A FIXED location for the Battle of Prestonpans Living History Centre is looking likely as a memorandum of understanding (MoU) is signed.

The Battle of Prestonpans 1745 Heritage Trust signed the document with Hargreaves Services, the company building the new town on the site of the former opencast mine at Blindwells, which agreed that a detailed assessment would be made to accommodate the centre as part of the town.

The new town is one out of three locations that the trust – which has launched a petition calling for the new town to be named Charlestoun after Bonnie Prince Charlie – has identified as a possibility for the centre, with the other two potential sites falling north of the battlefield and one to the south-east.

The memorandum of understanding states that “constructive initial discussions between Hargreaves and the trust have identified the possibility of the living history centre being located in Charlestoun’s town centre. This MoU is intended to provide a framework for exploring further, and ultimately achieving, that objective”.

Although the memorandum references the new town as Charlestoun, there has been no official naming of the prospective town yet, as East Lothian Council is to ask school pupils from the surrounding area to help pick the new name, though the council will have the final say.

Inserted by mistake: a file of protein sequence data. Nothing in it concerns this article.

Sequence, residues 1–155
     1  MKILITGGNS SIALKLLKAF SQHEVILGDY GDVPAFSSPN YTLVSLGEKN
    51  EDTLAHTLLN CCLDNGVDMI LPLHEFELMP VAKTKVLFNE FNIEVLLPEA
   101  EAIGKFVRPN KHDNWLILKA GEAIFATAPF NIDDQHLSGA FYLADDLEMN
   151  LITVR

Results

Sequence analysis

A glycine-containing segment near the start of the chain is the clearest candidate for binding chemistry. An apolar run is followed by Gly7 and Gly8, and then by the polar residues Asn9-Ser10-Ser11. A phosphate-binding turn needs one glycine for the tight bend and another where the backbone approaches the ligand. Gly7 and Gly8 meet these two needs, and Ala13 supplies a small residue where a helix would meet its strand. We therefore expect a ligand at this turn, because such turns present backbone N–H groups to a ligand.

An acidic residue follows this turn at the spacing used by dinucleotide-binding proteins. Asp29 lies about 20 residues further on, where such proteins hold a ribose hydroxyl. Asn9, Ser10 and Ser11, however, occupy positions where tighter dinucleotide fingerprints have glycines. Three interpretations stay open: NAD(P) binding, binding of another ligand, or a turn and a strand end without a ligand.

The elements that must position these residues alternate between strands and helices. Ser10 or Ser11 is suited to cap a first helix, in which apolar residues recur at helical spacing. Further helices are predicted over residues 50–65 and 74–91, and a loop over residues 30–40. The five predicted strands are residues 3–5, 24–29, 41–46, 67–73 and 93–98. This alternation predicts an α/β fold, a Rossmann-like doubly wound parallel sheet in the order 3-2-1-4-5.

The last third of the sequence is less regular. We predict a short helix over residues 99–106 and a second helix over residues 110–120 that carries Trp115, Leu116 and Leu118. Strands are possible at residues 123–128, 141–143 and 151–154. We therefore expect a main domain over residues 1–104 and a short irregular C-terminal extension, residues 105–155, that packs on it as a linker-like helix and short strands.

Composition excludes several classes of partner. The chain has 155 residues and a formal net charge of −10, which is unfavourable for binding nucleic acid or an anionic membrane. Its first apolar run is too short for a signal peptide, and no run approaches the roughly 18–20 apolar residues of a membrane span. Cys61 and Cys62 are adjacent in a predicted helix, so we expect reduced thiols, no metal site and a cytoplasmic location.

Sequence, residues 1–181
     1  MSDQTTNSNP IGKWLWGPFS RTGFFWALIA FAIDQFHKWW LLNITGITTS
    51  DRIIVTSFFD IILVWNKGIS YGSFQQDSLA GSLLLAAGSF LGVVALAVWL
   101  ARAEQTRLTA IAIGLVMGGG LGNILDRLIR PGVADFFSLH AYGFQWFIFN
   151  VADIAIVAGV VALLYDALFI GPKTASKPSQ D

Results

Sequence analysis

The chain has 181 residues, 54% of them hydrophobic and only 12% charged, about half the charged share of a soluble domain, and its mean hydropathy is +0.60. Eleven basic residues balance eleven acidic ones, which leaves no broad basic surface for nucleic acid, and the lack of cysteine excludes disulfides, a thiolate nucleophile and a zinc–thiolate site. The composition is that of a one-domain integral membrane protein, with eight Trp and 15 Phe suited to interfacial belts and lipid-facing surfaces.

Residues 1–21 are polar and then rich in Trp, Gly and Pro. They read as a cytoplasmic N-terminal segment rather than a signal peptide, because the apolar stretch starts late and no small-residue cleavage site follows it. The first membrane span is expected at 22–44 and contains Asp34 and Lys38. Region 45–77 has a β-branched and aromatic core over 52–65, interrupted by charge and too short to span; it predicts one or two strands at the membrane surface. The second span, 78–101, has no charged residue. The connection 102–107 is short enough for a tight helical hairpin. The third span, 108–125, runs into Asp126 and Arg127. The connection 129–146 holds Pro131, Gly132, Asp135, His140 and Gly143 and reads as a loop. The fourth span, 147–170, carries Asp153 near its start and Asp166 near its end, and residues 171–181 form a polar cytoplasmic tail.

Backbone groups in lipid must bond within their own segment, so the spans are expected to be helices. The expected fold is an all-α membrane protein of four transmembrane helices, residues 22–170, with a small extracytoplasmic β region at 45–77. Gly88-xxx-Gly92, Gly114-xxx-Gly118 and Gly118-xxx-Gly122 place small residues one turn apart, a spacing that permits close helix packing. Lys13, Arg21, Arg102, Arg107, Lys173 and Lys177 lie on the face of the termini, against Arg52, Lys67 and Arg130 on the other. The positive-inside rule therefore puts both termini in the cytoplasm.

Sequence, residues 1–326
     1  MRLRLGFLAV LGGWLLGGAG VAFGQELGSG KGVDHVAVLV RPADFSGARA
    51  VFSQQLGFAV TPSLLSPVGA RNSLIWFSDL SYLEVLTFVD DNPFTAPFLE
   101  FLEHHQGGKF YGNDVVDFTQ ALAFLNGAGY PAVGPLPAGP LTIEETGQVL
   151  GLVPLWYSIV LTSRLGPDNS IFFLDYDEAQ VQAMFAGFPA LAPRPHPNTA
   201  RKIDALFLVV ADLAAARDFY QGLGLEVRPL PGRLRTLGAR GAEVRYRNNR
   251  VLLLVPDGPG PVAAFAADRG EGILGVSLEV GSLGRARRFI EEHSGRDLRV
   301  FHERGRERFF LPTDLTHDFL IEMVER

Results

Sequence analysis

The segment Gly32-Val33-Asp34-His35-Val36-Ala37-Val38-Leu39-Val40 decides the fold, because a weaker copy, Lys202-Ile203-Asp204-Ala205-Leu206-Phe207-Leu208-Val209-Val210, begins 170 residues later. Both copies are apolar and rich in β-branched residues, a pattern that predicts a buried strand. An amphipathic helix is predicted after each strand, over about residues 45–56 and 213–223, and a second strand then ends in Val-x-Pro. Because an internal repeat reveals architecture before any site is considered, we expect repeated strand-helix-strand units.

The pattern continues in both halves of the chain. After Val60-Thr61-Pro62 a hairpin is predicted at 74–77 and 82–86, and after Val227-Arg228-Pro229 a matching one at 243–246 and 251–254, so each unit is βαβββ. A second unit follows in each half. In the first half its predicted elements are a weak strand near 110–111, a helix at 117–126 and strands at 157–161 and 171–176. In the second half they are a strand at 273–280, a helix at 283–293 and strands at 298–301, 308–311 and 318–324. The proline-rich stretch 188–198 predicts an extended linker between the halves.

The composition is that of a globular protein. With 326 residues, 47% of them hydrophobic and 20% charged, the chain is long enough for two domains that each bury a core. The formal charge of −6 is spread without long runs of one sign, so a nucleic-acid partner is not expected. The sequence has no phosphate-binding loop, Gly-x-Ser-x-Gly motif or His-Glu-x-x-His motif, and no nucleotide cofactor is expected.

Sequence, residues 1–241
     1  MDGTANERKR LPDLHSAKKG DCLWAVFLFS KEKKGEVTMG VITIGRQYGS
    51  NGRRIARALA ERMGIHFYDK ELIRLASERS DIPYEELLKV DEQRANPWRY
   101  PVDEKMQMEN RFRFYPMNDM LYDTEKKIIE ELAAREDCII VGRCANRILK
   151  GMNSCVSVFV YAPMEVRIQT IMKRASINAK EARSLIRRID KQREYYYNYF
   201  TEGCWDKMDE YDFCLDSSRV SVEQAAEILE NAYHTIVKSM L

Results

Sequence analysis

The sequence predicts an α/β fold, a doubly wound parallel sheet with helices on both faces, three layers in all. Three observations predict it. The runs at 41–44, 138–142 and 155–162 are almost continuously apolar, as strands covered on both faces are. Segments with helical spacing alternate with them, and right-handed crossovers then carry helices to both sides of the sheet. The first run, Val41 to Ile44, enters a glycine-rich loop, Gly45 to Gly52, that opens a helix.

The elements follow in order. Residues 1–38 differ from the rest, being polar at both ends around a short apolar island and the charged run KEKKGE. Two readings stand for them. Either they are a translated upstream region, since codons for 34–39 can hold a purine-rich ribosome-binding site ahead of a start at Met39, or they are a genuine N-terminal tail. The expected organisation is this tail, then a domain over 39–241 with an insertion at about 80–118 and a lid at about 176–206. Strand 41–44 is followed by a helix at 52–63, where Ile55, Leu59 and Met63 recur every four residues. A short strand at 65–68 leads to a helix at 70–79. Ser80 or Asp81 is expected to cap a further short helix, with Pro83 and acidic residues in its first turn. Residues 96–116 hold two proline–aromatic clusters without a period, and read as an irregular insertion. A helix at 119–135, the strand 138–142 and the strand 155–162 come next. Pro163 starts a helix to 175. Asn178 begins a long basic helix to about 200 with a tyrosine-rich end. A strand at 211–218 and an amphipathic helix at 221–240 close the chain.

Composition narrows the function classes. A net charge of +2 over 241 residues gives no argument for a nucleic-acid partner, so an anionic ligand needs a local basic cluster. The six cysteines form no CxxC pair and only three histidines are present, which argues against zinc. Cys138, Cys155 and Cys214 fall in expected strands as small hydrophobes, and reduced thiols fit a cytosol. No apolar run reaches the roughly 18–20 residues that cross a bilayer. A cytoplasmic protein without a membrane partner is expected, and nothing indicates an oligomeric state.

Gordon Prestoungrange from the trust said: “Such a location is on the nationally designated battlefield, indeed on the famous Riggonhead Defile, so its presence there would do proper justice to our extraordinary heritage.

“But more than that, the location of the centre at Charlestoun affords a magnificent opportunity to enhance the sense of place for the incoming community of many thousands over the next three decades. And it will be home not just to the battle story set in the broader Jacobite context but home for the internationally acclaimed Prestonpans and Scottish Diaspora Tapestries.

“It’s clearly all very ambitious but then so was the Prince when he landed on Eriskay in 1745 with just seven supporters! He raised an army in six weeks and took Edinburgh before defeating the British Army at Prestonpans.

“International support has been forthcoming over the years but even more following the recent Heritage Lottery supported studies of the best way forward for the trust. And it must be said that all discussions with Hargreaves and their initial concepts for the town centre where the trust’s centre would be located have been inspirational.”

The memorandum of understanding is not a legally binding document but an agreement that the parties involved will “undertake to work together to achieve the establishment of the living history centre and the commissioning of an equestrian sculpture of Prince Charles Edward Stuart”.